Yes, yes, and yes: Images, and spectra, and something else! I feel a big responsibility, now that we have this eclipse in our home territory, to make the most complete observations possible. We have the advantage of the shipping being less expensive, compared to taking 2,000 pounds of equipment to India, which I have done, for an eclipse. So I’ve gathered, with the support of the U.S. National Science Foundation and the Committee for Research and Exploration of the National Geographic Society, a crack team of astronomers and equipment, to study the sun with a variety of telescopes and spectrographs.

What do you want to learn?

Perhaps the most difficult and most complex experiment in our group of a dozen or so experimental setups is to try to determine observationally which of the competing models of coronal heating is correct — to understand how the corona is heated to a million degrees. We know that it’s related to the sun’s magnetic field, but the details of just how it’s related are still unclear and are much debated among the theoreticians.

Video: Jay Pasachoff explains what scientists can learn during a total solar eclipse.

Video: Jay Pasachoff explains what scientists can learn during a total solar eclipse.

Jennifer May for Quanta Magazine

What are some of the ideas?

There’s a whole set of competing theories that involves something called nanoflares — where nano of course means a billionth — and so, instead of a few big solar flares erupting from the sun, there could just be a lot of little flares, each a billionth of the intensity of the big flare, going off all the time, thousands of them going off all the time. So that could account for much of the heating of the corona. Another idea involves coronal loops, oscillating loops of ionized gas held in place by the sun’s magnetic field. So we want to see what we can measure and see if we can distinguish between the contributions of nanoflare heating and coronal-loop wave heating.

How can you distinguish between the two?

Different models predict different kinds of oscillations and vibrations in the loops of gas held in place by the coronal magnetic field, in the lower corona. Some theories say that there should be vibrations with periods of many seconds; one set of theories predicts sub-second vibrations — and if the nanoflare idea is correct, there may be no oscillations at all.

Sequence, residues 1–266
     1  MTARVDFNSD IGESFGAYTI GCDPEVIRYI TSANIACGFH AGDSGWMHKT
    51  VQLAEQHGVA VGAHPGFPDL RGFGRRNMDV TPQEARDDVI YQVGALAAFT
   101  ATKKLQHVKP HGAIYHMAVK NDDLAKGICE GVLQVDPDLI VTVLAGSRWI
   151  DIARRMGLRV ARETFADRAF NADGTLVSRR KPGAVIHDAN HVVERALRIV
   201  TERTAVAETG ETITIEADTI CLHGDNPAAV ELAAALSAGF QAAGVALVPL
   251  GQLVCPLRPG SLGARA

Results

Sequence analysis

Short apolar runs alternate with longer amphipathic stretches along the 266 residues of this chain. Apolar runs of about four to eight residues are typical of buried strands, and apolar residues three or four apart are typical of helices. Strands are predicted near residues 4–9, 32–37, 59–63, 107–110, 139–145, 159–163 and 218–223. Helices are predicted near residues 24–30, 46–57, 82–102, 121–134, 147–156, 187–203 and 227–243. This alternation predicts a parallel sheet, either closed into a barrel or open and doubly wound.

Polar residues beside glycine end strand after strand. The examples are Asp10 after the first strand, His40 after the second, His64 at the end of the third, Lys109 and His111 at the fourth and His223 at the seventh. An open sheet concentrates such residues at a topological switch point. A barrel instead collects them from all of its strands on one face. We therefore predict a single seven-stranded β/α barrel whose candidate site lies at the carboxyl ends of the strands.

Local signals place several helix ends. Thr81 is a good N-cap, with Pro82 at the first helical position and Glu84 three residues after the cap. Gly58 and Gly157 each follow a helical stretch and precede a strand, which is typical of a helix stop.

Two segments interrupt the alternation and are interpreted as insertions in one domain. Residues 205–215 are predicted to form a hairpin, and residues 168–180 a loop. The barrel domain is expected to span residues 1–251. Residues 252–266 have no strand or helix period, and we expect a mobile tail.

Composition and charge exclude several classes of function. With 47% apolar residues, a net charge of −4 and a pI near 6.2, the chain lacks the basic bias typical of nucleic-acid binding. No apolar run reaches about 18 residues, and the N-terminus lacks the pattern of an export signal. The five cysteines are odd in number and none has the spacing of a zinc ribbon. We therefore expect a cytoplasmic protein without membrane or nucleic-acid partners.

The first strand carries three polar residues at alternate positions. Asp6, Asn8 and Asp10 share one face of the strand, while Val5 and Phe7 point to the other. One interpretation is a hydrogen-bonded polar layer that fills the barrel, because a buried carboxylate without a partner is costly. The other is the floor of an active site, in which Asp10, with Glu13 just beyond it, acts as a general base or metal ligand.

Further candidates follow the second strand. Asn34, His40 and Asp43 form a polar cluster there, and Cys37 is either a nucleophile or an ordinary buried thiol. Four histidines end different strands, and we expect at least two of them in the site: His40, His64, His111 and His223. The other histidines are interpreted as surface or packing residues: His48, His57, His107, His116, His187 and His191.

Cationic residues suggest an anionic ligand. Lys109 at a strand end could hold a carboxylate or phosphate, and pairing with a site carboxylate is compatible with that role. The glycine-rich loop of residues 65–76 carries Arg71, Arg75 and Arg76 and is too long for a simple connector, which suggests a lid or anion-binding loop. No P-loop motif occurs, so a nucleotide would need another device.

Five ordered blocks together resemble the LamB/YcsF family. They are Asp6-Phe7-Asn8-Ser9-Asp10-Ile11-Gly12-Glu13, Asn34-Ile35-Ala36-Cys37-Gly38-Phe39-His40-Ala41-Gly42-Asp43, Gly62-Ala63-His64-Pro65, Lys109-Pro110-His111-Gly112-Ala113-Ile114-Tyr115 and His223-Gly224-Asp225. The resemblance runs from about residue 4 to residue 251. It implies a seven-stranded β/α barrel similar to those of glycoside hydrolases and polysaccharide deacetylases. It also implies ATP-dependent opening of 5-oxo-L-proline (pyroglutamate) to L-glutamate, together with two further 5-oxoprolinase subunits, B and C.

We have some very special filters, in what’s called the coronal green line and the coronal red line — emission lines associated with electrons in highly ionized iron atoms in the solar corona, as they jump between energy levels at temperatures of a million or over a million degrees, respectively. The special filters isolate the hot coronal gas from the background coronal light that we see with our eyes, which is largely the everyday surface of the sun — the solar photosphere — scattered by the electrons in the corona. But with these special filters, we can pick out the actual emission from the corona. And we’re looking for very rapid vibrations.

Does that mean you need video or some way of capturing images at a very high frame rate?

What we use is even better than video, in that each observation is more precise. We use a special kind of CCD — an electronic charge-coupled device — that’s actually two CCDs in one. One is off to the side [of the camera], hidden behind a metal cover. We record images at a rate that can go up to 10 hertz — 10 times per second, or even more — and almost instantaneously the data is transferred to the CCD that’s hidden behind the metal shield, which can then be read out while the next image is being taken using the open one. The result of that is that there’s almost no dead time — we can take very high-precision observations without any gaps between the successive images.

We’ve been using this method very successfully for the last dozen years, on a series of occultations of stars by Pluto and other objects. We’ve had it at a transit of Venus, and we’ve had it at a previous eclipse, and we’re looking forward to using it at this eclipse.

I understand that eclipse measurements can also be used to track Earth’s rotation rate?